The French luxury goods supplier made a proposal to launch an offer for all the shares in the NASDAQ-listed luxury jewellery maker at $120 per share, a premium of 22% over the closing share price of last Friday. This would represent a total value for 100% of the shares of $14.5 billion and a ratio of 26.7 times Tiffany’s last twelve months earnings to September 2019.
Should this offer be successful, this would become LVMH’s largest acquisition ever, less than a year after the $3.2 billion acquisition of luxury hotel group Belmond, 2 years after the €6.5 billion acquisition of Christian Dior Couture as part of a group reorganisation, and 8 years after the acquisition of Italian jewellery manufacturer Bulgari for €3.8 billion.
Clearly, LMVH is using M&A as a key lever to accelerate growth and strengthen its leadership position in the global luxury market. And with a market capitalization of approximately €200 billion, profit from recurring operations of €10 billion in 2018, a limited amount of debt on its balance sheet and a share trading at 29.2 times net earnings, the French group has ample resources and options available to finance deals.
From a strategic point of view, the acquisition would reinforce LVMHs’ presence in the luxury jewellery market, a market estimated at €18 billion in 2018. Currently Richemont Group, which owns the brands Cartier, Van Cleef & Arpels and Buccellati, is dominating the luxury jewellery market with sales of €5 billion in their fiscal year 2019. Because approximately 40% of Tiffany & Co worldwide net sales come from the United States, LVMH would also be able to further penetrate this important geographical market, which represents only 9% of its current revenue in its Watches & Jewellery business group. As the U.S. market is the second biggest market for luxury jewellery after China, the acquisition of Tiffany and Co would clearly be a smart move for LVMH to grow its jewellery business worldwide.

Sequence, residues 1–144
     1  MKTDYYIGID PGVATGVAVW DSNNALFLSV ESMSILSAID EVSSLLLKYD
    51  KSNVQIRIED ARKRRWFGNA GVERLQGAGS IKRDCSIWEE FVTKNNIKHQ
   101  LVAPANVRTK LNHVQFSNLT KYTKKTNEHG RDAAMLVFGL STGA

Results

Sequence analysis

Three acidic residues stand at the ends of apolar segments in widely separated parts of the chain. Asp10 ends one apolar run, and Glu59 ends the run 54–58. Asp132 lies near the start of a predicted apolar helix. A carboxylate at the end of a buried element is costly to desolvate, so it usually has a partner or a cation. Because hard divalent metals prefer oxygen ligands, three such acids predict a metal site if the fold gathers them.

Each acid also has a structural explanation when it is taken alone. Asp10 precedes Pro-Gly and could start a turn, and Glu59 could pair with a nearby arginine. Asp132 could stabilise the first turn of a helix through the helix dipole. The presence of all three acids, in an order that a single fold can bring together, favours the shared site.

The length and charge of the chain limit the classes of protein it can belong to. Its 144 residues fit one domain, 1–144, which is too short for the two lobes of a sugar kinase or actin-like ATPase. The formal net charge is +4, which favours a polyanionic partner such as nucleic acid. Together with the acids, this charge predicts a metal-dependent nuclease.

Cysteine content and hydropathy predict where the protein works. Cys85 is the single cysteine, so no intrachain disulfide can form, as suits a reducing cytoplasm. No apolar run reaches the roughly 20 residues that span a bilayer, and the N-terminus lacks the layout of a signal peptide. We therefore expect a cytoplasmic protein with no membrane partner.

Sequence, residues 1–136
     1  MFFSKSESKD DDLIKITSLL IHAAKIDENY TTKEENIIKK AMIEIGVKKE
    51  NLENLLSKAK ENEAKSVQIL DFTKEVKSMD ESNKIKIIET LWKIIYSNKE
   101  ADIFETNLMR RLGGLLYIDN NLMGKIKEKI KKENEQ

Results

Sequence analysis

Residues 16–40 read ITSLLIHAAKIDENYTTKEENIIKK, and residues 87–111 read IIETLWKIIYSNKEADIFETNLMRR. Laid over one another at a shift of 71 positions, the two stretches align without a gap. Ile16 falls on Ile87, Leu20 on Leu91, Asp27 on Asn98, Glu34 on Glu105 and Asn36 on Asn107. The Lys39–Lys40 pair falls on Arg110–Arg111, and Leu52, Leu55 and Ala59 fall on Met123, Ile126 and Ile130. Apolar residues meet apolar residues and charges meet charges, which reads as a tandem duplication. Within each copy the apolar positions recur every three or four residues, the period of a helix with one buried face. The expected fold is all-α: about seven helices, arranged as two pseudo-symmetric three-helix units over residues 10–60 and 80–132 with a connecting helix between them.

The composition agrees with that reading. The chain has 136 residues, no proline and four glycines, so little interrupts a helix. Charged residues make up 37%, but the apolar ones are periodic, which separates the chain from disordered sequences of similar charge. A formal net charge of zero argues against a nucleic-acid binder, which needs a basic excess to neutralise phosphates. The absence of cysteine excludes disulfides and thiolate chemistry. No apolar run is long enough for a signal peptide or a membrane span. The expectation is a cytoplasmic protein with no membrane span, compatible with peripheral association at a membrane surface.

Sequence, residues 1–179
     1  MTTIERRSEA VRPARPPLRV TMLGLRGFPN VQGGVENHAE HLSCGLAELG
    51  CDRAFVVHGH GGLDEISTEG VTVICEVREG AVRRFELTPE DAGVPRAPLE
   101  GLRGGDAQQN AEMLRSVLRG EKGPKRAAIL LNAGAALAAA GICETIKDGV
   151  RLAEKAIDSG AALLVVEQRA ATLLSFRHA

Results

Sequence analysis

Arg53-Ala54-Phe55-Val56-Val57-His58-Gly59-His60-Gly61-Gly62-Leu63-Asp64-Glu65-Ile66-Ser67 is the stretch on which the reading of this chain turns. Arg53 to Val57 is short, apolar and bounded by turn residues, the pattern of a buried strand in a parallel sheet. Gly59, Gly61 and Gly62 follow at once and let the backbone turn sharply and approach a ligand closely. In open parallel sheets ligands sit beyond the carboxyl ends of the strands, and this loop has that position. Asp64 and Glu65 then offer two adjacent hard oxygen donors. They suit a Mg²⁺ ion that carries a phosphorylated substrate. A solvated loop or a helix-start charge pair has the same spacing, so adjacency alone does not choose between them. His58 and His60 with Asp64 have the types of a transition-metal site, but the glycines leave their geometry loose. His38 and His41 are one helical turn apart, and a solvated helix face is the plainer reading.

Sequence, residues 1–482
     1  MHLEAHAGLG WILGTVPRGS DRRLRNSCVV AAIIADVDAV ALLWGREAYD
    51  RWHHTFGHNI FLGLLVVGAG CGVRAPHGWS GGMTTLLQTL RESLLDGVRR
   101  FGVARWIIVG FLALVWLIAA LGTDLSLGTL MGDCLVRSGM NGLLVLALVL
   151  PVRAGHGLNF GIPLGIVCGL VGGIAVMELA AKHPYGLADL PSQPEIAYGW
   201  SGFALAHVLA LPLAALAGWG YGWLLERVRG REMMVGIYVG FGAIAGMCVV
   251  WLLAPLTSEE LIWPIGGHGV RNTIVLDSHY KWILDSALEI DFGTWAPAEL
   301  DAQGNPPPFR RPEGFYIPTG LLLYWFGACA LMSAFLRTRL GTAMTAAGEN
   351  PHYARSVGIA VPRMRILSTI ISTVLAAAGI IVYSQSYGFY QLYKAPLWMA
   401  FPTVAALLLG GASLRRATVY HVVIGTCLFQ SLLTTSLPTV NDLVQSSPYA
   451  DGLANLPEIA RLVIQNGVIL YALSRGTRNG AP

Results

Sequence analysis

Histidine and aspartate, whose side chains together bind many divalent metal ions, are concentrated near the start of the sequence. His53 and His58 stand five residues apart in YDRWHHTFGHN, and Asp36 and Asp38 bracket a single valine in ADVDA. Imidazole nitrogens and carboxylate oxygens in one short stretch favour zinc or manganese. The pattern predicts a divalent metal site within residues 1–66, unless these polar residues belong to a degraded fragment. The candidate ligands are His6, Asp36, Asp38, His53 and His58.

It is also worth noting that Tiffany and Co is an iconic brand, occupying the 94th rank in Top 100 Best Global Brands 2019 Rankings, with a brand value estimated at $5.3 billion. Thanks to a clear brand positioning, Tiffany and Co is particularly well differentiated from its competitors. With the help of young celebrities’ endorsement (e.g. Elle Fanning), it has gone recently through a successful rebranding process to be perceived as a “cool” brand to target millennials, a growing segment of luxury consumers.
As a result, Tiffany and Co has achieved strong consumer-brand identification and is perceived as a relevant brand from consumers with diverse geographical and demographical characteristics. From 2001 to 2015, Tiffany and Co’s brand value has constantly increased, going from $3.5 billion in 2001 to a highest value of $6.3 billion in 2015. However, the brand value has decreased since 2015 and experienced a 5% decline between 2018 and 2019. Without any doubt, the expertise of LVMH in driving luxury brands would help Tiffany and Co brand value to increase again in the future. Indeed, Louis Vuitton is the most valuable luxury brand, ranking 17th on the Best Global Brands 2019 rankings, with a value of more than $32 billion and a positive growth of 14% since last year.
However, LVMH still needs to convince Tiffany’s directors and shareholders (mostly institutional investors) of the benefits of its prospective offer.
As it stands, there remains some work to do: the board of Tiffany confirmed the approach was unsolicited and Tiffany’s share price jumped by 30% , well above LMVH’s proposed offer price. Other global luxury players may decide to enter the party and submit competing proposals.